STUDY ROOM | 22.06.2022 – 15.01.2023


Share on Facebook
Whether a drawing is unequivocally attributed to an artist depends on a number of different givens. If the artwork is signed, there is a high probability of scoring a hit. But how do attributions actually work in the case of drawings that are not signed? Or, to go even further: Can sketches and studies be attributed to artists or groups of artists, teachers or students in the first place?

Studying has often been precisely about copying, appropriating and learning, and thus, particularly in drawings, sketches and studies that were not produced as saleable artworks, parallels and similarities can be found. Who, then, is the originator? Can that even be determined in retrospect?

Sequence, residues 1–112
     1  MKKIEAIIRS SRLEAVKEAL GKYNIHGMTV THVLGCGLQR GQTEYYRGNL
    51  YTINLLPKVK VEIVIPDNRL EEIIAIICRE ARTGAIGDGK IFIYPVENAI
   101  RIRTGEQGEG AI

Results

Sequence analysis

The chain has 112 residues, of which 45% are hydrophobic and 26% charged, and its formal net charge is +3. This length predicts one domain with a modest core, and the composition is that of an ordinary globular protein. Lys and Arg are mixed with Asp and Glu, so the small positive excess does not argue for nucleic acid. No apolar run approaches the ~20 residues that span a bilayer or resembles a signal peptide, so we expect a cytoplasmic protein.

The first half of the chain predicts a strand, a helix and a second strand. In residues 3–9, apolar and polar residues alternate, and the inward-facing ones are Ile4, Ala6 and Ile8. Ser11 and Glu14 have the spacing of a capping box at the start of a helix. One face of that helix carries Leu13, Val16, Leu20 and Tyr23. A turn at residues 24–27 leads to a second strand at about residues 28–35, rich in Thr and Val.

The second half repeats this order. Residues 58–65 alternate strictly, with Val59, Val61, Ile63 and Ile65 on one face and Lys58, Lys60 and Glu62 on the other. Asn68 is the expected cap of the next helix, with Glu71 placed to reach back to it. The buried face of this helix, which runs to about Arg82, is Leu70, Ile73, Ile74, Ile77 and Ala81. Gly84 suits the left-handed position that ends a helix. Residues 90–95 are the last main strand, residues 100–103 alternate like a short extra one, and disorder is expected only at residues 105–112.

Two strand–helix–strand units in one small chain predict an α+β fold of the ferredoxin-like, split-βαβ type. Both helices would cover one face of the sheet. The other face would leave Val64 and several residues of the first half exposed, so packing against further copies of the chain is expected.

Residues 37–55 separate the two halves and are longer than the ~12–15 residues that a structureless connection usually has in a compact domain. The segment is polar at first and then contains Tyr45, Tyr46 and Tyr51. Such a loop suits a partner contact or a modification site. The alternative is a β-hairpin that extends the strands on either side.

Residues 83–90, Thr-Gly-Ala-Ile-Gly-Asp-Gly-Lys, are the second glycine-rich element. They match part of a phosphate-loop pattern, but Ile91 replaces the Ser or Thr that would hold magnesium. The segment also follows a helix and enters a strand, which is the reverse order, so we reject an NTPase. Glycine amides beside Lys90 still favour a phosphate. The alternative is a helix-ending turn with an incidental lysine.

In the collection of drawings and studies of the Liberna Collection, there are a few examples by means of which it is possible to track down what amounts to the detective work of searching for clues. The cabinet exhibition in the study room shows it by the examples of a drawing now attributed to Rembrandt Harmensz van Rijn (1606−1669) and a drawing denied to Jan Lievens (1607−1674).  
Rembrandt Harmensz van Rijn (nach Jan Lievens), Sitzender alter Mann mit Stock, 1631 (?) | © Draiflessen Collection/Liberna Collection, Foto/photo: Stephan Kube